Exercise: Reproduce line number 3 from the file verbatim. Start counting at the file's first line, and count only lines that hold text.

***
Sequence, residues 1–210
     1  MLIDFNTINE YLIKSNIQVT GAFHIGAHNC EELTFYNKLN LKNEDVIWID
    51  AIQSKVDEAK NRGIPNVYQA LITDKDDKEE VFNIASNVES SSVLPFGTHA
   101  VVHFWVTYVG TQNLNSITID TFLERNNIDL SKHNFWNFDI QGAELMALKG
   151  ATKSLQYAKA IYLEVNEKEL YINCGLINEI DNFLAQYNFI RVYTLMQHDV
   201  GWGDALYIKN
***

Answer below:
    51  AIQSKVDEAK NRGIPNVYQA LITDKDDKEE VFNIASNVES SSVLPFGTHA